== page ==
Six Degrees of Separation: From Beezus and Ramona to The Duke’s Children

It’s the first Saturday of the month which means it’s time for another Six Degrees of Separation, hosted by Kate of Books are my Favourite and Best. The idea is that Kate chooses a book to use as a starting point and then we have to link it to six other books of our choice to form a chain. A book doesn’t have to be connected to all of the others on the list – only to the one next to it in the chain.

Having a little sister like four-year-old Ramona isn’t always easy for Beezus Quimby. With a wild imagination, disregard for order, and an appetite for chaos, Ramona makes it hard for Beezus to be the responsible older sister she knows she ought to be…especially when Ramona threatens to ruin Beezus’s birthday party. Newbery Medal winner Beverly Cleary delivers a humorous tale of the ups and downs of sisterhood. Both the younger and older siblings of the family will enjoy this book.

This month we are starting with Beezus and Ramona by Beverly Cleary, who sadly died in March this year. This book was the first in her Ramona Quimby series for children and was published in 1955. I read some of the Ramona books as a child and although I can’t remember anything about them now, I know I used to enjoy them!

I’m sure I won’t be the only Six Degrees participant to use books about sisters as my first link this month, but as there are so many to choose from I’m hoping that nobody else will have linked to this one: Big Sister, Little Sister, Red Sister by Jung Chang (1). This is a biography of the three Soong sisters, all of whom played an important role in 20th century Chinese politics. Ei-ling or ‘big sister’ became one of China’s richest women through her marriage to the banker HH Kung, ‘little sister’ May-ling was First Lady of the Republic of China, and ‘red sister’ Ching-ling was a supporter of the Communist Party and the wife of revolutionary leader Sun Yat-sen.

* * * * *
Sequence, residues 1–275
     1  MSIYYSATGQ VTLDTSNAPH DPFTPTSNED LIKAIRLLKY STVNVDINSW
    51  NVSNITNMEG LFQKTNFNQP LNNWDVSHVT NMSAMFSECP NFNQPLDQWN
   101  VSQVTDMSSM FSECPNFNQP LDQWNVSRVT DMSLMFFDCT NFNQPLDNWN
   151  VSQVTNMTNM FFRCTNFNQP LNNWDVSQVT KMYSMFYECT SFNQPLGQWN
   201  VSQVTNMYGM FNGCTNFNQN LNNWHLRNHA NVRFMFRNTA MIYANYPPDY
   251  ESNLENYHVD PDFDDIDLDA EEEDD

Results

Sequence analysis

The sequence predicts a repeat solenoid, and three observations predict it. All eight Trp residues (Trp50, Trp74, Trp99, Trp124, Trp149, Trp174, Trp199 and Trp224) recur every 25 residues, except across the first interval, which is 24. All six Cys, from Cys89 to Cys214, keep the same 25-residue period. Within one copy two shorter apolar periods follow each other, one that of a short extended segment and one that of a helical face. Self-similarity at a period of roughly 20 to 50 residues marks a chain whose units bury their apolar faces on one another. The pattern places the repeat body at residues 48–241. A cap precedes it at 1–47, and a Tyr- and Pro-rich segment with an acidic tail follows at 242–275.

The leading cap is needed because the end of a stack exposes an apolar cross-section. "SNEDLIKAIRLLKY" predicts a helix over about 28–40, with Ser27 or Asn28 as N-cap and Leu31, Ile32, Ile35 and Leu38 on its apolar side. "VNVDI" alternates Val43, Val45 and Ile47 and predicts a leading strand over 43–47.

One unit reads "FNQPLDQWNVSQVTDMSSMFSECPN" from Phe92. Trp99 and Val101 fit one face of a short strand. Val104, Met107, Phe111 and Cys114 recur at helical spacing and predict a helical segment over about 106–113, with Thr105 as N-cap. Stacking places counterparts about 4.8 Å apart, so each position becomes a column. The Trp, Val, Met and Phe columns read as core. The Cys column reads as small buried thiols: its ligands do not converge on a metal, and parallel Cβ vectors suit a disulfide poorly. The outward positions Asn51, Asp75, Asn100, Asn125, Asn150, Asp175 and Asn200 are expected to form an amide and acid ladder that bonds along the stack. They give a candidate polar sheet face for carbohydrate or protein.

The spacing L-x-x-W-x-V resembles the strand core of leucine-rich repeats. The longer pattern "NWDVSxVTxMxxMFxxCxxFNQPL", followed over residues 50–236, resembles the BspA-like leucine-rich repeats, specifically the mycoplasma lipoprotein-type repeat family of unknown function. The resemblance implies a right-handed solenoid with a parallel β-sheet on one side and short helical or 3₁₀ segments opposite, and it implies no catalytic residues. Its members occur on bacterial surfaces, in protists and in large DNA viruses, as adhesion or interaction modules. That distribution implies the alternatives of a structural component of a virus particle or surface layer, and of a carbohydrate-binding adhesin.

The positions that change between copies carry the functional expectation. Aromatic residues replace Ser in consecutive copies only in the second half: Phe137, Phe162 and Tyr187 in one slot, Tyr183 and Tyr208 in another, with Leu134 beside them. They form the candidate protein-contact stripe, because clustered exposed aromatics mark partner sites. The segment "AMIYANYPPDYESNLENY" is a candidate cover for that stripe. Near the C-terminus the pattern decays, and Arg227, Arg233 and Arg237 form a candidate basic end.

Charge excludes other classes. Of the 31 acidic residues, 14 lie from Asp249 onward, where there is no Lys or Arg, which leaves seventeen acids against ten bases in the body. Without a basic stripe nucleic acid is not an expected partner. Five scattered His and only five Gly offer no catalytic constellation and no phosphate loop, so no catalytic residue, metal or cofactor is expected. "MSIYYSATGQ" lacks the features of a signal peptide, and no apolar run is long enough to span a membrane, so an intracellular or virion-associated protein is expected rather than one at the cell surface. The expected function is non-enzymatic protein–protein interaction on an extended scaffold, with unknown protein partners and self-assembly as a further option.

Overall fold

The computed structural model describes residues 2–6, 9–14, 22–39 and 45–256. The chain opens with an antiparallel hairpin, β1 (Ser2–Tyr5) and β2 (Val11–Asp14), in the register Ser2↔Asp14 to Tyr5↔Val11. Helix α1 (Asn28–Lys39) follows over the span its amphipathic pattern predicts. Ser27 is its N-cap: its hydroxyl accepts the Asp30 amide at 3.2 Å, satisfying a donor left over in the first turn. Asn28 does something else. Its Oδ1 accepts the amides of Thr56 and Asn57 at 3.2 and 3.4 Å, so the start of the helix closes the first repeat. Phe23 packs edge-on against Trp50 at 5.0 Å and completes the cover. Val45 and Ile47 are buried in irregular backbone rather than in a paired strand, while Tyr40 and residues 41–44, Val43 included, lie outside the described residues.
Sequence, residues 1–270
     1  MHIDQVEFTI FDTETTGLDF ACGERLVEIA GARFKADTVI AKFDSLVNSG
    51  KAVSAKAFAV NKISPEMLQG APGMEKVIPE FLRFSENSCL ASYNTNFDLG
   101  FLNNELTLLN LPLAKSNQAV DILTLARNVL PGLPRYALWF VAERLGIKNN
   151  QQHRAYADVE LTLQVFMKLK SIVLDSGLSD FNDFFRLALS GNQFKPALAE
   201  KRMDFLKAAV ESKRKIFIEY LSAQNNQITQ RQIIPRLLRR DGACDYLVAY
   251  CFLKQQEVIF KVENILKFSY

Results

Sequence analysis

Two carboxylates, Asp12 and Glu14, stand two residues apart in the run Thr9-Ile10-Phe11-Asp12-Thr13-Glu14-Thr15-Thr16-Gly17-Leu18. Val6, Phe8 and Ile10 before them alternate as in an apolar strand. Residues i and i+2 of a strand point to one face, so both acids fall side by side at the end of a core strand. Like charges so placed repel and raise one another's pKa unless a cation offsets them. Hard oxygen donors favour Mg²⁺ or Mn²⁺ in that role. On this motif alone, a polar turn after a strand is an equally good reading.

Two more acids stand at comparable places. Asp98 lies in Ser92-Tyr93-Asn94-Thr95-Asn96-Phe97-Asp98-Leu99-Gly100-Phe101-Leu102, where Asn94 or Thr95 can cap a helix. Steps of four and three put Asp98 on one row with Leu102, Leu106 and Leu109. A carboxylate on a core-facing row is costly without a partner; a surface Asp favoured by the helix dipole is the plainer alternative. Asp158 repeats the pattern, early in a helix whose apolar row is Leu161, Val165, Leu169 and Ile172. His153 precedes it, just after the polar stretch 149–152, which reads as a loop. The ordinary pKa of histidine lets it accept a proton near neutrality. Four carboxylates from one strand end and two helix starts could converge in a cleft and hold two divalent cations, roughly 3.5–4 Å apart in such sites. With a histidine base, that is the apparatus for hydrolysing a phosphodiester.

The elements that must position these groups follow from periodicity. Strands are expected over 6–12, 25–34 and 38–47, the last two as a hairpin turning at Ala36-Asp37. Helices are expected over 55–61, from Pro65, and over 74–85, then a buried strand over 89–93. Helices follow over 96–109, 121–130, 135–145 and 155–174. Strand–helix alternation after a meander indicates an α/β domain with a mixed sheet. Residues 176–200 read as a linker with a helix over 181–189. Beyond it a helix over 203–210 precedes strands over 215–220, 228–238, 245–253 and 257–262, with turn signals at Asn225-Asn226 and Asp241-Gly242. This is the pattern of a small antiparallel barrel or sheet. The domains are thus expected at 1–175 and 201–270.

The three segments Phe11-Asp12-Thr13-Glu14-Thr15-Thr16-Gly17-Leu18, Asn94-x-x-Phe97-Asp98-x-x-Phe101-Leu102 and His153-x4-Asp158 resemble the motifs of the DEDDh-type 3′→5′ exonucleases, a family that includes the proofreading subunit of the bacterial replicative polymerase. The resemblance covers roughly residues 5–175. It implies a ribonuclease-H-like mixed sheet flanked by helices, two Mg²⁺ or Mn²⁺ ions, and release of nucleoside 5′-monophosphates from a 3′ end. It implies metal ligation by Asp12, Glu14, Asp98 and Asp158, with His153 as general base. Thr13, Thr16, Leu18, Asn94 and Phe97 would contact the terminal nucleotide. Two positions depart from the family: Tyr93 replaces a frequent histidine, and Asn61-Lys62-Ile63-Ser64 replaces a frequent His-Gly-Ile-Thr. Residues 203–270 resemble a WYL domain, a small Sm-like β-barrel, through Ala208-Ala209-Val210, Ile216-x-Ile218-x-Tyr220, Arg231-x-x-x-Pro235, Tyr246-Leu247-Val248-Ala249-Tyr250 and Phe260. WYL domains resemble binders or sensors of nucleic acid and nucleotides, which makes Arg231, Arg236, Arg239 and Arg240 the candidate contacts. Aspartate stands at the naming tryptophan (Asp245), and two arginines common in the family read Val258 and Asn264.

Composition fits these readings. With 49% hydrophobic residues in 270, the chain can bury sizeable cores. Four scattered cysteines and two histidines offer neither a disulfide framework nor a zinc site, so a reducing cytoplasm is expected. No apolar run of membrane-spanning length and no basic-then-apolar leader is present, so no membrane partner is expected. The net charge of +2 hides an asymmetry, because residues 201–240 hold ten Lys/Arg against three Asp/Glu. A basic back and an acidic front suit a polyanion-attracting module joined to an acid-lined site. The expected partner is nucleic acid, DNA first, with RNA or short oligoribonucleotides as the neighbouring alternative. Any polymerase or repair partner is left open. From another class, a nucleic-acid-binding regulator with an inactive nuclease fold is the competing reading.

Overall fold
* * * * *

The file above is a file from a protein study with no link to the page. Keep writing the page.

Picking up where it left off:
I’m sure I have used books with ‘red’ in the title in a previous chain, so I’m going to link now to a book with a different colour in the title. There were lots of options here, but I’ve gone with blue and The Mystery of the Blue Train by Agatha Christie (2). This is a Poirot novel in which an heiress is murdered for her jewels during a train journey through France. I don’t think it’s one of Christie’s stronger novels (and in fact it was apparently her own least favourite), but it’s still quite enjoyable.

This makes me think of another novel set on a train, The Wheel Spins by Ethel Lina White (3), the book on which Alfred Hitchcock’s The Lady Vanishes was based. There are a lot of differences between the book and the film but they share the same basic plot: a young woman makes a new friend during a train journey who later disappears, only for the rest of the passengers to deny that she ever existed.

The idea of a wheel spinning leads me to Fortune’s Wheel (4), one of Rhoda Edwards’ two novels about Richard III. This book covers the earlier part of Richard’s life, taking us through the reign of his elder brother, Edward IV, and ending with Richard’s marriage to Anne Neville in 1472. I enjoyed it, but thought the second novel, Some Touch of Pity, was much better.

There’s a picture of a crown on the cover of Fortune’s Wheel and also on the cover of The Poisoned Crown by Maurice Druon (5). First published in French in 1956, this is the third book in the Accursed Kings series telling the story of Philip IV of France and his descendants, a line of kings “cursed to the thirteenth generation” by the Grand Master of the Knights Templar, whom Philip sent to burn at the stake. George R.R. Martin has described this series as the inspiration for his A Game of Thrones.

I haven’t finished The Accursed Kings yet; there are seven books in the series and so far I have only read the first five of them. It’s not the only series I’ve started and haven’t finished – I still need to read the final book in Anthony Trollope’s Palliser series, The Duke’s Children (6). I nearly always love Trollope but the length of his books sometimes puts me off. This one is on my Classics Club list, so I’m hoping to get to it soon.

And that’s my chain for this month! My links have included: sisters, colours, trains and wheels, pictures of crowns and an unfinished series.

In June we are starting with The Bass Rock by Evie Wyld. Will you be joining us?

26 thoughts on “Six Degrees of Separation: From Beezus and Ramona to The Duke’s Children

  1. Jane says:

    what interesting links, I haven’t read any of them not even Beezus and Ramona. I hope the Trollope’s a good one, I read my first one for the classics club and loved it, can’t wait to read more!

  2. Constance says: